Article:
Posted by: Larry Smith Jr. | June 8, 2010

Everett Out, Worth In for the Tigers

Immediately following Sunday’s game the Detroit Tigers designated Shortstop Adam Everett for assignment, essentially ending his one-and-a-third year tenure with the team.   This was a move that had to be done.  Everett was a pox on the bottom third of the lineup, posting a batting line of 185/221/247.  Long a lightweight on offense whose presence in the lineup was mitigated by his outstanding defensive abilities, Everett’s defense had also taken a sharp slide this season.  Depending on the metric system used, he was either +1.4 (UZR), -4 (Total Zone), or 0 (Plus/Minus) defensively thus far this season.  All three metrics rate him the lowest that he’d ever been in his career, save for Plus/Minus, which had him as the second lowest of his career.   With his hitting worse than ever before (and it was always bad) and his fielding worse than ever before, the Tigers could no longer afford to carry him on their roster and mercifully designated him for assignment.

Up to replace him is Middle Infielder Danny Worth, a 2007 second round pick whose prospect status was much higher within the organization a couple of years ago but has since dimmed considerably.   While word has trickled out that Worth will likely be the Tigers primary shortstop in the wake of Everett’s release, his true talent is probably of a decent backup and a very low tier starter at this point.   In fact, the Tigers are probably hoping that Worth can become a v. 2.0 of Everett:  Essentially the player that Everett was before he got older and entered his decline phase.   If he can be that player, then he will have some value for the Tigers and would be a mid to low tier starting caliber player.  Consider the following:

* – Everett had 3003 PAs in his career, posting a triple slash line of 243/294/348.  This is terrible.  In fact, since Everett entered the league in 2001, his OPS+ of  66 is tied for the fifteenth worst in the Major Leagues among players who have at least 1000 plate appearances.  If you up the criteria to 2000 plate appearances, it is tied for the fourth worst, and at 3000+ plate appearances, it is tied for the third worst.  In that time, only Brad Ausmus has received as many chances to hit and been a less effective hitter, and only Cesar Izturis has been Everett’s equal.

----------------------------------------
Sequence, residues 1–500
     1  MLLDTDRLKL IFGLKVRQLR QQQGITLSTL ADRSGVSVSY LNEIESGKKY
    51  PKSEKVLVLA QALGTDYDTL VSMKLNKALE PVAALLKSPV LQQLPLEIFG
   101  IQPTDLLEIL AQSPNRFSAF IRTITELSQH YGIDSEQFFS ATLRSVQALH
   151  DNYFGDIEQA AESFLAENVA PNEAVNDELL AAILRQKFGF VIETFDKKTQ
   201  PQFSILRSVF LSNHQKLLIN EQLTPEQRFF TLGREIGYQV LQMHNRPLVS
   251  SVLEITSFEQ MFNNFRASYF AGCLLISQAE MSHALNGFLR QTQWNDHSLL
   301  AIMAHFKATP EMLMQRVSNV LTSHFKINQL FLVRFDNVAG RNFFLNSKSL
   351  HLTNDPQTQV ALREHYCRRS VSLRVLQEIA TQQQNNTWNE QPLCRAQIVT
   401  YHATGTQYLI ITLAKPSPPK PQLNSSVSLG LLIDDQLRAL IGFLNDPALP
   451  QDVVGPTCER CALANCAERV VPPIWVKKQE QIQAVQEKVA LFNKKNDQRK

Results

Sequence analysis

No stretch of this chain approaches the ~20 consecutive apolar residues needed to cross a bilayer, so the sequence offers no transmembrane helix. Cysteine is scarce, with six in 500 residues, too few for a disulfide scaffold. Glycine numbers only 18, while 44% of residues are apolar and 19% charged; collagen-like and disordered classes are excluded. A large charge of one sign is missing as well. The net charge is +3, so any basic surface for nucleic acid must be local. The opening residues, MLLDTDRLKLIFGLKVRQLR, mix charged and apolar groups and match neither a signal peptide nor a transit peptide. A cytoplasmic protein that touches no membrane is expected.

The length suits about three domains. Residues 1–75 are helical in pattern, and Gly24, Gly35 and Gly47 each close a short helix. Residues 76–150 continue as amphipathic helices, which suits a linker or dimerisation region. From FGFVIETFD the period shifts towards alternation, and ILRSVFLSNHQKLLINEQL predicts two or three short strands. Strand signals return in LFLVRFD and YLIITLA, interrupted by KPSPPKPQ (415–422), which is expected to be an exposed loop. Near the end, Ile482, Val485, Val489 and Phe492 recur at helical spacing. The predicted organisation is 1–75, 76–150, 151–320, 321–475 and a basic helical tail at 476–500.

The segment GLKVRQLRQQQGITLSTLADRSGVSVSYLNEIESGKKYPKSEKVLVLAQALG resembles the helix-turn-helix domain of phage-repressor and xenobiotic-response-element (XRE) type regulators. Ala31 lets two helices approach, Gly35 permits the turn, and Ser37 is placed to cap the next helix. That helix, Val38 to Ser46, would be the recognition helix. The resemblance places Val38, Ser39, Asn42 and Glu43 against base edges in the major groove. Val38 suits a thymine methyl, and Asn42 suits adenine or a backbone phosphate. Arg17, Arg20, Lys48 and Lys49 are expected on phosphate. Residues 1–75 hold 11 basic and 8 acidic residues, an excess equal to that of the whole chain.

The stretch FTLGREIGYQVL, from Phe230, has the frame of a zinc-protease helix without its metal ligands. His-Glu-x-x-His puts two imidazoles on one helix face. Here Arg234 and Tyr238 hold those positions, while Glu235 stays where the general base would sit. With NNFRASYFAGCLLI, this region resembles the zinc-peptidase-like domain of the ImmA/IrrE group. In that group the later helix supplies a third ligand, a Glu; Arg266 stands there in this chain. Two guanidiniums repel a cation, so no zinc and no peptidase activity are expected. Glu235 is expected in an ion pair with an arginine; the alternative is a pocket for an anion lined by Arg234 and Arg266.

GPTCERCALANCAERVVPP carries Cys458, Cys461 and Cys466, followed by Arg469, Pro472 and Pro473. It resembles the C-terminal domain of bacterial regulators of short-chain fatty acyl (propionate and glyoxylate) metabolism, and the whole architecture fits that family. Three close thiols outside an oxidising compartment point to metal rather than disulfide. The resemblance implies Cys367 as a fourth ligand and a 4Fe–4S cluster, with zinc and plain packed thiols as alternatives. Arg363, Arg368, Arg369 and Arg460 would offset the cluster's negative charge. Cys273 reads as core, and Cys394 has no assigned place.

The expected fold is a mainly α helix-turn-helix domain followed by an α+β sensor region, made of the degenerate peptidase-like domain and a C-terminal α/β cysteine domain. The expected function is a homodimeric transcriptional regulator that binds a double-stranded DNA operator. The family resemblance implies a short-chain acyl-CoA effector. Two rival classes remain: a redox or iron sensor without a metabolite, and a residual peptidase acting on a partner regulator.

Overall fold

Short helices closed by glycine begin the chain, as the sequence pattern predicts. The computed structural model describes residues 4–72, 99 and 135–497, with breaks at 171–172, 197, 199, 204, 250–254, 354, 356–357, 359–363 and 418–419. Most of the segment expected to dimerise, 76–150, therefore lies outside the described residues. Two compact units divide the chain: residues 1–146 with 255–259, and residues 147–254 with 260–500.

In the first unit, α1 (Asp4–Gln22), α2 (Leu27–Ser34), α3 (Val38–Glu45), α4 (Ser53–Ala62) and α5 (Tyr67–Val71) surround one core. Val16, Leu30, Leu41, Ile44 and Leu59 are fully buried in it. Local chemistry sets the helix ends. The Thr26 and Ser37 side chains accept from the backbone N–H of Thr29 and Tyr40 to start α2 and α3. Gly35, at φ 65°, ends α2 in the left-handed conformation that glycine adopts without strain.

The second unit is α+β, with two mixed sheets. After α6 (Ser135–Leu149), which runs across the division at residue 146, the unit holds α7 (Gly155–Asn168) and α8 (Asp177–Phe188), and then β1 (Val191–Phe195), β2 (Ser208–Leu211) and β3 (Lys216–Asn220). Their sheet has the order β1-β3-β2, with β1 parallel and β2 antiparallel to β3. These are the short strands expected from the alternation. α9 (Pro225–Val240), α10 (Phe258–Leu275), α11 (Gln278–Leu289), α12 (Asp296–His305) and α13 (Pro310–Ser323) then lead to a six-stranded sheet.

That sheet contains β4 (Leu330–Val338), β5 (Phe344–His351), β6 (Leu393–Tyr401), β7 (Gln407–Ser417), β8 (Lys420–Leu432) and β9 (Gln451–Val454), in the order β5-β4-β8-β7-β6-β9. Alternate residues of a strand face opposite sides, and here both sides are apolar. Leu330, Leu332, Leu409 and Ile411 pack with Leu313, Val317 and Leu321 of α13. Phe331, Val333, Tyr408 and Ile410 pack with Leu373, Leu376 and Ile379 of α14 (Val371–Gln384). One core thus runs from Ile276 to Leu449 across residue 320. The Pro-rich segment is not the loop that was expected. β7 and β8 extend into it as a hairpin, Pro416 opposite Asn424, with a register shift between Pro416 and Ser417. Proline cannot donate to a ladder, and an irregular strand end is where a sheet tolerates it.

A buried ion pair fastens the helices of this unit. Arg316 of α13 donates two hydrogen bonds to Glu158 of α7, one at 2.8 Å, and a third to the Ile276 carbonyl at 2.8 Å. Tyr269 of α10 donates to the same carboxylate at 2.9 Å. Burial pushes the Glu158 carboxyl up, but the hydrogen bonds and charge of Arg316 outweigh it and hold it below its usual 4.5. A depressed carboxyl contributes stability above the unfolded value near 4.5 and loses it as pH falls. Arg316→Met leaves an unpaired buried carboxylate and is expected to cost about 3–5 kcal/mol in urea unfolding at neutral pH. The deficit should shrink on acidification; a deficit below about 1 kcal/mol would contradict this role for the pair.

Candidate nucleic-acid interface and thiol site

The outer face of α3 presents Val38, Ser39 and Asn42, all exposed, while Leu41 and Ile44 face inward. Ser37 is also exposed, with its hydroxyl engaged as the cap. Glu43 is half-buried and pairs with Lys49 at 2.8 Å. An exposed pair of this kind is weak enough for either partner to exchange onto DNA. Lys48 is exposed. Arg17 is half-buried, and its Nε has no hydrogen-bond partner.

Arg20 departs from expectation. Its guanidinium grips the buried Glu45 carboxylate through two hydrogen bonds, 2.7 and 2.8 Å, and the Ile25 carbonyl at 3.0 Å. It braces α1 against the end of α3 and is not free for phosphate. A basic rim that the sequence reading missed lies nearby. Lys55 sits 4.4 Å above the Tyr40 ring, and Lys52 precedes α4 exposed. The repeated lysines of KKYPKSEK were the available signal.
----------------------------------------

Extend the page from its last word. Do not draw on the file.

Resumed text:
* – Worth has had 1202 minor league career PAs, posting a very comparable triple slash of 251/317/346.

* – In 2010, Worth has hit 287/330/354 in Toledo in 176 PAs, while also posting a 333/333/333 line in 24 PAs for Detroit during his prior callup.

If Worth can equal Everett’s major league career numbers — And right now this is not a given — Then he can be an effective major league player if he can play strong defense.  His defense has never been in question at any point in his minor league career, and in fact has been a major driver of Worth’s consistent promotions up the professional ladder.  However, that is a big picture appraisal of Worth and his future value, which appears more likely to be as a backup than as a starter.

Smaller picture:  In the here and now Everett was providing nothing to the Tigers on offense or defense.   Worth almost certainly will top Everett’s performance defensively, and while he may be a black hole in the bottom of Detroit’s lineup, he still is likely to outperform Everett offensively, where the bar is set so low.   Worth’s worst season in the minors offensively was last year, when he hit 229/294/296 for Erie (AA) and Toledo (AAA).   As awful as those numbers are, if he even hit like that for the Tigers it would represent a significant improvement over what Adam Everett was providing, particularly if he plays great defense to go along with it.

In the long term, the Tigers are going to need to find a real resolution to their problem at Shortstop, but in the short term, this was a move that needed to be made.  Worth ought to provide a significant upgrade over Everett both offensively and defensively, even if his final offensive numbers are likely to look rather poor.   The Tigers gave Everett — Whose contract was worth $1.5m and was set to expire after this season — A sizable enough time to pull out of his struggles, but it simply appears that time on his career has run out.   This was the right move at the right time.



  1. Back in the ’70’s, Everett was more or less typical as shortstops were concerned. Good field, no hit was the standard prototype. You were doing real well to have a Dave Concepcion or a Bert Campaneris.
    But over the past decade and a half or so, there really isn’t any justification to be playing a guy like Everett on a regular basis year after year. No defensive expertise can make up for an OPS + of 66.
    Nice, informative blog-post, Bill

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